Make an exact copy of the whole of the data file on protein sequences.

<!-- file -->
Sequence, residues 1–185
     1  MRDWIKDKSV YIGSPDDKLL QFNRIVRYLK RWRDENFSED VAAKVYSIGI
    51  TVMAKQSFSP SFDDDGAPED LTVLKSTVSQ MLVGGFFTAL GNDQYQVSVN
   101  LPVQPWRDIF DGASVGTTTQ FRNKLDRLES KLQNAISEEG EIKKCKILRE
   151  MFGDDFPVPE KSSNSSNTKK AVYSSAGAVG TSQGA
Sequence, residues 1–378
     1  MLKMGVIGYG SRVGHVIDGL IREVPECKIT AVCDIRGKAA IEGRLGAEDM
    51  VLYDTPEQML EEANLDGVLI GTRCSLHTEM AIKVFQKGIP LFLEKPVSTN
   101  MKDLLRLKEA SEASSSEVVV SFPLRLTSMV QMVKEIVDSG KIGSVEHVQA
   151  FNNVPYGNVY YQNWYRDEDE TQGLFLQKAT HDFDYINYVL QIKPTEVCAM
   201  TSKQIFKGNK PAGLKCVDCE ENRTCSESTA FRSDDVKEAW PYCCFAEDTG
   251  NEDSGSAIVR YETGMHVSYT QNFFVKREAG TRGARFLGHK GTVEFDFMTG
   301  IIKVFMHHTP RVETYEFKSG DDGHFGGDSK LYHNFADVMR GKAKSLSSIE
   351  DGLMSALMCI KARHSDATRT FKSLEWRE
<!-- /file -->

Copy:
Sequence, residues 1–185
     1  MRDWIKDKSV YIGSPDDKLL QFNRIVRYLK RWRDENFSED VAAKVYSIGI
    51  TVMAKQSFSP SFDDDGAPED LTVLKSTVSQ MLVGGFFTAL GNDQYQVSVN
   101  LPVQPWRDIF DGASVGTTTQ FRNKLDRLES KLQNAISEEG EIKKCKILRE
   151  MFGDDFPVPE KSSNSSNTKK AVYSSAGAVG TSQGA
Sequence, residues 1–378
     1  MLKMGVIGYG SRVGHVIDGL IREVPECKIT AVCDIRGKAA IEGRLGAEDM
    51  VLYDTPEQML EEANLDGVLI GTRCSLHTEM AIKVFQKGIP LFLEKPVSTN
   101  MKDLLRLKEA SEASSSEVVV SFPLRLTSMV QMVKEIVDSG KIGSVEHVQA
   151  FNNVPYGNVY YQNWYRDEDE TQGLFLQKAT HDFDYINYVL QIKPTEVCAM
   201  TSKQIFKGNK PAGLKCVDCE ENRTCSESTA FRSDDVKEAW PYCCFAEDTG
   251  NEDSGSAIVR YETGMHVSYT QNFFVKREAG TRGARFLGHK GTVEFDFMTG
   301  IIKVFMHHTP RVETYEFKSG DDGHFGGDSK LYHNFADVMR GKAKSLSSIE
   351  DGLMSALMCI KARHSDATRT FKSLEWRE